Watching a Repat Flight

How the Home Office deports thousands of migrants without you noticing.


  1. In late July, we received word that two Home Office charter flights were set to deport hundreds of men to West Africa, on the evening of the 28th. One was scheduled to leave from Stansted Airport, so we went to have a look.
  2. The people being deported are people who, for various reasons, have been denied the right to stay in the UK. They could be asylum seekers whose claims have been refused, people who were living and working in Britain without the correct documentation, or people with overseas citizenship who committed criminal offences and were being deported at the end of their sentence. The Home Office has run over 800 such flights since 2001.
  3. The charter flights, which are an alternative to placing deportees on commercial flights alongside other passengers, round up large groups of people from the same region and make several stops.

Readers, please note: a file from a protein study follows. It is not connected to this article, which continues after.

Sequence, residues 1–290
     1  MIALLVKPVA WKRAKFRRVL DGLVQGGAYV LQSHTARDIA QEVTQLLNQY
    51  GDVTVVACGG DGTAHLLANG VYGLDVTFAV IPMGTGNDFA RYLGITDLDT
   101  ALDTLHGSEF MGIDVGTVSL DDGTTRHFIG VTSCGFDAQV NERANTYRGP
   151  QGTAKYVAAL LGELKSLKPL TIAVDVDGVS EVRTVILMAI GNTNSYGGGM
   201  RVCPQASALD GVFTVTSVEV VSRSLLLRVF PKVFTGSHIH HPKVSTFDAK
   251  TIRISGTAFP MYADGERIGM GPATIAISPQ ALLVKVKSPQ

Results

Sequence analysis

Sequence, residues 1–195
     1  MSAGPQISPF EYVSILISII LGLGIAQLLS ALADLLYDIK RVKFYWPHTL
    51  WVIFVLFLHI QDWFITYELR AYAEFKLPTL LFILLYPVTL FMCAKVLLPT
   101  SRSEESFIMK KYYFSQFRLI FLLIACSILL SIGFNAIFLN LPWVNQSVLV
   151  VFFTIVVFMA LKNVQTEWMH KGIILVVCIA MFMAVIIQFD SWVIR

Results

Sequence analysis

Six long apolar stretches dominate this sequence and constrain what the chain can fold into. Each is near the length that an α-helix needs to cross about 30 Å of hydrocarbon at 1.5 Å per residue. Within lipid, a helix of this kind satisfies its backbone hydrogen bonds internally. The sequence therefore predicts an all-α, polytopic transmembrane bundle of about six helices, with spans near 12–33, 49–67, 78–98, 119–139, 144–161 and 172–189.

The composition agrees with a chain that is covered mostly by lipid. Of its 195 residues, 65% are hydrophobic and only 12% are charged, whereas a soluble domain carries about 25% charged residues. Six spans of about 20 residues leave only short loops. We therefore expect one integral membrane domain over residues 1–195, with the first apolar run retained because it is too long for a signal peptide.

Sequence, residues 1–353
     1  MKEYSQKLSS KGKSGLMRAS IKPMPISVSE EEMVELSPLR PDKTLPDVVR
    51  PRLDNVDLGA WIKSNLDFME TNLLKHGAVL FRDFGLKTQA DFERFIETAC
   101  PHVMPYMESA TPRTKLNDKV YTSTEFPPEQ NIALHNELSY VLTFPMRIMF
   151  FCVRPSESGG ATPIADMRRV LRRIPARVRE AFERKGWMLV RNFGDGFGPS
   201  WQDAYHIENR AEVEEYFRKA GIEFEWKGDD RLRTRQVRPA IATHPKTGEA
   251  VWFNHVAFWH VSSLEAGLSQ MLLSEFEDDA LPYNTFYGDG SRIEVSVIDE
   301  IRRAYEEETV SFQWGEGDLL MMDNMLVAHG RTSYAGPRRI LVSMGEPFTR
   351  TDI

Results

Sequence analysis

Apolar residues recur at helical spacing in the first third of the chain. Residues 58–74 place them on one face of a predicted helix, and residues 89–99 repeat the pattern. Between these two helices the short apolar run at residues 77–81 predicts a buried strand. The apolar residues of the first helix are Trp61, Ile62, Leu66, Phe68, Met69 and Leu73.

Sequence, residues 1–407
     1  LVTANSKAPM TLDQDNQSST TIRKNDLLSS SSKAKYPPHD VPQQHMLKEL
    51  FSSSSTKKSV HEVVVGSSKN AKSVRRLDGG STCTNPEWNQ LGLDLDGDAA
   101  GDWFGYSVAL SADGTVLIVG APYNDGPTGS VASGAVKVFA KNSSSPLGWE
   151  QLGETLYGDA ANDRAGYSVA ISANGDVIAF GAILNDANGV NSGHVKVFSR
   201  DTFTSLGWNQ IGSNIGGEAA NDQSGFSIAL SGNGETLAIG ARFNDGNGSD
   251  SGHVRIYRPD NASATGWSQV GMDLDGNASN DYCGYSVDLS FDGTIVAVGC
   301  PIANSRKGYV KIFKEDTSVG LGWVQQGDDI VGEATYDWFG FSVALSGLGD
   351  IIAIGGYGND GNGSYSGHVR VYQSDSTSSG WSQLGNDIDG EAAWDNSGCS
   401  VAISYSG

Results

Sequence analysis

4. It's difficult to know who exactly is on the flights, but some will have been living in the UK since childhood. Others might never have set foot in the country to which they are being deported.
  5. Women are deported, too.
  6. It's also difficult to know if the deportees have been given due legal process. A key element of the government's immigration detention system was recently found by the High Court to be so "structurally unfair" as to be unlawful.
  7. At Stansted, the charter flights depart from the private jet centre - well away from the public airport terminals.
  8. For the private companies that facilitate such flights, deportation is part of their business. If you've ever taken a package holiday, you might even have sat on the plane that was being used this evening. Coaches bring the deportees to the airport, where they are transferred on to the waiting plane.
  9. The deportees were escorted by guards employed by a private security company that is contracted by the Home Office to handle deportations.
  10. The previous security provider, G4S, lost the deportations contract in 2010, after an Angolan man was killed while being restrained by guards on board a plane. An inquest found a culture of "pervasive racism" among company employees.
  11. Watching the flight with me was James Bridle, whose artwork "Seamless Transitions" explores Britain's hidden spaces of immigration detention and deportation.
  12. As we watched, through a fence in the airport car park, flight preparations continued.
  13. We were in an area where plane spotters are normally allowed to stand and take photos, but after a few hours our presence became unwelcome.